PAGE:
12. https://www.forbes.com/sites/simonmoore/2020/03/14/what-to-expect-from-this-bear-market/#4def34e661ff
  13. https://www.cnbc.com/2020/03/14/not-every-bear-market-is-accompanied-by-an-economic-recession-but-chances-are-high.html
  14. https://www.ukvalueinvestor.com/2020/03/coronavirus-stock-market-crash.html/
  15. https://monevator.com/weekend-reading-do-not-sell/
  16. https://www.visualcapitalist.com/history-of-pandemics-deadliest/
  17. https://www.history.com/topics/middle-ages/pandemics-timeline
  18. https://www.theguardian.com/commentisfree/2020/mar/05/even-as-behavioural-researchers-we-couldnt-resist-the-urge-to-buy-toilet-paper
  19. https://markets.businessinsider.com/news/stocks/stock-market-news-today-indexes-plunge-oil-market-coronavirus-selloff-2020-3-1028978137
  20. https://www.independent.co.uk/news/world/americas/coronavirus-cdc-1918-flu-pandemic-death-toll-symptoms-a9389171.html
  21. https://t.co/ZejfSQcO0Y?amp=1
  22. https://www.bbc.co.uk/news/science-environment-51825089
  23. https://www.bbc.co.uk/news/uk-england-york-north-yorkshire-51736395
  24. https://www.mortgagesolutions.co.uk/better-business/2020/03/02/equity-release-is-heading-into-the-eye-of-a-perfect-storm-blackwell/
  25. https://www.ft.com/content/fa038361-1faf-4083-8128-257f83d4b2ed
  26. https://www.bbc.co.uk/news/business-your-money-51841748
  27. https://www.theguardian.com/business/2020/mar/15/prepare-for-the-coronavirus-global-recession
  28. https://investornews.vanguard/a-message-from-vanguards-ceo-on-the-coronavirus/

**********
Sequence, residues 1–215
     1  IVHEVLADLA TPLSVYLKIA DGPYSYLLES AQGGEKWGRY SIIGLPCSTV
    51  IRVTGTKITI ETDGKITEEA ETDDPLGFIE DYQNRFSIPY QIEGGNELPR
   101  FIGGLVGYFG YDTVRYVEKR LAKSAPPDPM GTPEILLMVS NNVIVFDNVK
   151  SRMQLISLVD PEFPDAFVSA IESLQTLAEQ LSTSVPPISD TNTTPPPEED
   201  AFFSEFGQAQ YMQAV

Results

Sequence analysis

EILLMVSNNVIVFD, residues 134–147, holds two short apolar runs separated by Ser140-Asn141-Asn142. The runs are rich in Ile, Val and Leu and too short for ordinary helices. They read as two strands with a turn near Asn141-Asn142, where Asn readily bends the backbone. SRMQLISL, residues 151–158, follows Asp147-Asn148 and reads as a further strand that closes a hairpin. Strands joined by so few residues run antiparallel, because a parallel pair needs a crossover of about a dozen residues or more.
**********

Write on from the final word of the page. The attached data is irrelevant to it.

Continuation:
29. https://monevator.com/how-to-prepare-for-a-recession/
  30. https://www.cnbc.com/2020/03/01/millennial-millionaire-shares-what-he-refuses-to-spend-money-on.html
  31. https://metro.co.uk/2020/03/07/couple-ditch-jobs-retire-30s-live-greek-island-5000-year-12362827/
  32. https://ofdollarsanddata.com/the-worst-day-of-our-investment-lives/
  33. https://www.ukvalueinvestor.com/2020/03/hunting-for-dividends.html/
  34. https://www.finumus.com/blog/covid-19-and-bonds-no-time-to-die
  35. http://diyinvestoruk.blogspot.com/2020/03/asset-allocation-re-visited.html
  36. http://diyinvestoruk.blogspot.com/2020/03/national-grid-portfolio-addition.html
  37. http://www.retirementinvestingtoday.com/2020/03/lenses.html
  38. http://eaglesfeartoperch.blogspot.com/2020/03/thoughts-on-investment-portfolio.html
  39. http://eaglesfeartoperch.blogspot.com/2020/03/lockdown-in-tenerife.html
  40. https://gentlemansfamilyfinances.wordpress.com/2020/03/09/february-2020-month-end-accounts/
  41. https://awaytoless.com/monthly-spending-february-2020/
  42. http://quietlysaving.co.uk/2020/03/08/ravaged-dogs-of-the-ftse-and-random-shares-update/
  43. https://firevlondon.com/2020/03/10/feb-2020-buy-high/
  44. https://www.thefrugalcottage.com/my-updated-portfolio-march-2020/
  45. https://southwalesfi.co.uk/2020/03/13/innovative-finance-isa-pros-and-cons-ifisa/
  46. http://bankeronfire.com/pension-vs-isa-settling-the-debate
  47. https://pursuefire.com/playing-the-long-game/
  48. https://theescapeartist.me/2020/03/13/victory-is-inevitable/
  49. https://indeedably.com/prison-of-my-own-making/